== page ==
REFLECTION SET

What, Who, When, and How has No Boundaries inspired and provoked? What has been said that has not been said before, and where should the debate go next? A panel of contributors in Bristol and York join together to reflect on what they will be taking away.

Robert Duffton has agreed to chair this session in Bristol, Kully Thiari in York.

Jo Verrent: Last State of The Arts conference, I switched off because I’m hearing impaired – this time, I was invited to be involved. Everyone online can get good access now. We’ve set the bar. It’s not perfect – panelists, if you don’t get your talk in before an event, it can’t be audio-described, so you’re being selfish - but it’s a start. Diversity has been here since the beginning and is right here now. We’ve talked about class, race, pay not play. Collaboration and partnership.

Ann Bonnar: In a way I think of us as a tribe within the subsidized arts and something like this is a ritual, this coming together. We meet our prophets and learn the new language. What I’ve found that’s a compelling vision of the future is that there’s disruptive change going on – in this world, we move forward,  and of course art is valued. We don’t want barriers – there are many helpful phrases but – we need to be clear and have a consistent language, focus on making not being advocates for ourselves. The default position to be in isn’t the best one, do we think that just because we’ve talked that then we’ve done it? Will we go back to the status quo?

Kate Yedigaroff: diversity has echoed with me – specifically challenging and daring ourselves to talk to people we don’t know and doing things we don’t know how to – so let’s echo what Nii said. It’s made me want to be brave. I was very inspired by Nii, Jude, Sophie – listening to Sophie, I felt genuinely jealous about not having YouTube when I grew up.

Jim Hollingford: I love the tech, people online got a pretty damn good  experience. I quickly learned that the discussion online is just as important – one thing we worried about is that a ‘proper experience’ of discussion is only really available online. What are people sitting elsewhere in the world thinking? What does it mean to them? I don’t think the Internationalism Session would have excited them most. It was the local stories that matter: David Lockwood in Exeter, Kully and Sandra in Doncaster, Joy from Nairobi.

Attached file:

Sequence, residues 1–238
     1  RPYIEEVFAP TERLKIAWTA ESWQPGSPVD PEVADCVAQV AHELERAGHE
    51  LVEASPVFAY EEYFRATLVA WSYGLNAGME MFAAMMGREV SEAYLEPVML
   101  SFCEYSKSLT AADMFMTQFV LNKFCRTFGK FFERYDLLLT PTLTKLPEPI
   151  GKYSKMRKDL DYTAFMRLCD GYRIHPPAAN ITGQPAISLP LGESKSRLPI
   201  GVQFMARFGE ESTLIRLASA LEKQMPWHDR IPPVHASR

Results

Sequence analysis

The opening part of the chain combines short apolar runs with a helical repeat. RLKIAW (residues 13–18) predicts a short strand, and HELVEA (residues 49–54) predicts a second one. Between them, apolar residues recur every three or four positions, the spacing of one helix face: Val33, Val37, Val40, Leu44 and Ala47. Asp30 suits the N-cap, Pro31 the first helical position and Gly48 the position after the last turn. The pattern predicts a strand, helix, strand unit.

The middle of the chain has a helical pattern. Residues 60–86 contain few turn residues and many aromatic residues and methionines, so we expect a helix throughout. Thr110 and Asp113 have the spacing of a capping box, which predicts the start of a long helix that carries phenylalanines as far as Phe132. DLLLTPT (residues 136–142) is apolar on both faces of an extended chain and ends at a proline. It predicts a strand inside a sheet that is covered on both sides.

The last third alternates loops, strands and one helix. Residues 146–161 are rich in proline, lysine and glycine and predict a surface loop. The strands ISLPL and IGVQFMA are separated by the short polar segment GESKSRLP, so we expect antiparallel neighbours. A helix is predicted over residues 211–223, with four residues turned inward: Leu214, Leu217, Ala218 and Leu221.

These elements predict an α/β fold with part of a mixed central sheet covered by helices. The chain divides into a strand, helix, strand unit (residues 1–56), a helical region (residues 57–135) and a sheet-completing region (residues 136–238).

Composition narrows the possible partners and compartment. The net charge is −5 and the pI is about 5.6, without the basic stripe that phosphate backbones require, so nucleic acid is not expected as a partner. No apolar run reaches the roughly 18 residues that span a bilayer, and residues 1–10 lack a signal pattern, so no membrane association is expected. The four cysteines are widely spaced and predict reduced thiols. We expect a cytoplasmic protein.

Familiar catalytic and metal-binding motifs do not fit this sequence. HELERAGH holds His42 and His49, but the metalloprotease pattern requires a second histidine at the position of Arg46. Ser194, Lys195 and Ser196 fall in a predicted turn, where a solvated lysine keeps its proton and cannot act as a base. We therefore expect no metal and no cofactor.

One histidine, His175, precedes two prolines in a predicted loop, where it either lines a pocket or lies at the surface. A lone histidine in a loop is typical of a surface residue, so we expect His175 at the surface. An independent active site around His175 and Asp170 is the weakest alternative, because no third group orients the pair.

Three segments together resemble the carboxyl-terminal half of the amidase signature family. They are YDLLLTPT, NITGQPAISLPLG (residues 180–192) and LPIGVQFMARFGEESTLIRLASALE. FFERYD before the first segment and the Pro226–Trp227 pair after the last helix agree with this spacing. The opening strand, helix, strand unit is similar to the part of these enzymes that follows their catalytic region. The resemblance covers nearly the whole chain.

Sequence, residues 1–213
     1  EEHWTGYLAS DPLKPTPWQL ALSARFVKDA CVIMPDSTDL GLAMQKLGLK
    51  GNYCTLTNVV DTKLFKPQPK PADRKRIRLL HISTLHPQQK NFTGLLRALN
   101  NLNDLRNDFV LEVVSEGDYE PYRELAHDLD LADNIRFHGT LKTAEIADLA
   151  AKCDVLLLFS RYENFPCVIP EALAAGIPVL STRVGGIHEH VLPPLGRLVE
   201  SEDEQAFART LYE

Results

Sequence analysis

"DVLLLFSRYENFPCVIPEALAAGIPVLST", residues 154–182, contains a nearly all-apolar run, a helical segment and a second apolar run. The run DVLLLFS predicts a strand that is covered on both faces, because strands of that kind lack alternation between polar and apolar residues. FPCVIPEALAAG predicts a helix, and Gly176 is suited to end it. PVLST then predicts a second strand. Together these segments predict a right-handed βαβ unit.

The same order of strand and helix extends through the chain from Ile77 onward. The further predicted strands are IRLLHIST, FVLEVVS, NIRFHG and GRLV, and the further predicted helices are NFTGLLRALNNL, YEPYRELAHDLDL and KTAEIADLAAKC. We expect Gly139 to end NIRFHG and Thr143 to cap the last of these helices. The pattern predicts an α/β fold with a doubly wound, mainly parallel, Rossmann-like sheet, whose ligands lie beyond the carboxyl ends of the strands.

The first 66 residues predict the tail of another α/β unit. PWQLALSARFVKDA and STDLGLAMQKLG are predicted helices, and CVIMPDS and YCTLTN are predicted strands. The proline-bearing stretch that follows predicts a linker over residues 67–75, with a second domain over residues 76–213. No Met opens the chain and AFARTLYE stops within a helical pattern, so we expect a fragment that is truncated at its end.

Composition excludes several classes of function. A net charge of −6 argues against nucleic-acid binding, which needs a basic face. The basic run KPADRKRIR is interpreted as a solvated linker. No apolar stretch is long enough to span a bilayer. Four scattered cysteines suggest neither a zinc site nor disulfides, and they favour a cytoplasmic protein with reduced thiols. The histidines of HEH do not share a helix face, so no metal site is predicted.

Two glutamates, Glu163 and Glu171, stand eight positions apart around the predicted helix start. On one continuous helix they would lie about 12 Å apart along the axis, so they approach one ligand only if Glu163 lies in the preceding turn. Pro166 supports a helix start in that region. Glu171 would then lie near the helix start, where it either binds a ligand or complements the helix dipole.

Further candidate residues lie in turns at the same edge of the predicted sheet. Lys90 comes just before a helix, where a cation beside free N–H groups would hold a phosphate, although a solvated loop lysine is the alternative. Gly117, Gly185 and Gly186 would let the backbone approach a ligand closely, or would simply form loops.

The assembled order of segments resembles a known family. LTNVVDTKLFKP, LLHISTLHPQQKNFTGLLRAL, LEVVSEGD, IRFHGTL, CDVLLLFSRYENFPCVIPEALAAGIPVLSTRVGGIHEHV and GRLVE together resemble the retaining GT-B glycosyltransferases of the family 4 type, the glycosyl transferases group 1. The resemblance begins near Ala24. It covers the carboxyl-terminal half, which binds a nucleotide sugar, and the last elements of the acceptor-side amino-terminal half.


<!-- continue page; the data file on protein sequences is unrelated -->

Alan Davey: I’ve come away with a lot of challenges. ‘You’ve got to get to the table or otherwise you’ll be on the menu’ – we need to be brave and get out there, we need to shout about why a creative future is worth fighting for. It’s very clear that the paternal model of funding is past its time – we’ve got all these dilemmas, do we restart to adapt or shrink and preserve? [Referencing Pete Seeger,] we’re in an early morning kind of situation. I take courage from this conference.

Fiona Gaspar: York’s space and informality has worked so well to bring people together. A conference is great in the hands artists. The story that will stay with me is Cast – it connected with George Ferguson saying ‘If they’re not involved, they won’t get it.’ It’s about being part of something and feeling ownership. Live experiences bring people together. I don’t know why diversity is shrinking but I’ll definitely get out of my comfort zone. Sometimes it’s hard to do this but it makes the process much richer and I intend to hold onto that. If we don’t do it, things won’t move on. How do we move away from [audience] relationships just being about a financial transaction? We should also look at what has changed: collaboration is getting better, young people are getting more involved.

Shreela Ghosh: I’ve seen the difference between knowledge and wisdom. There were some absolutely stonking women speakers here so I want to thank the programmers. Yes, I agree that diversity needs vigilance but we must remember that we have come a long way. We have to be mindful of history – I live in Delhi, in Delhi you still feel the partition story – and [colonial] moving of great swathes of people. Internationalism and diversity need to link – we need to make internationalism the new normal. I don’t want to see sessions on internationalism anymore. Let’s bring in other cities and other time zones.

Leave a Reply

Your email address will not be published. Required fields are marked *

You may use these HTML tags and attributes: <a href="" title=""> <abbr title=""> <acronym title=""> <b> <blockquote cite=""> <cite> <code> <del datetime=""> <em> <i> <q cite=""> <strike> <strong>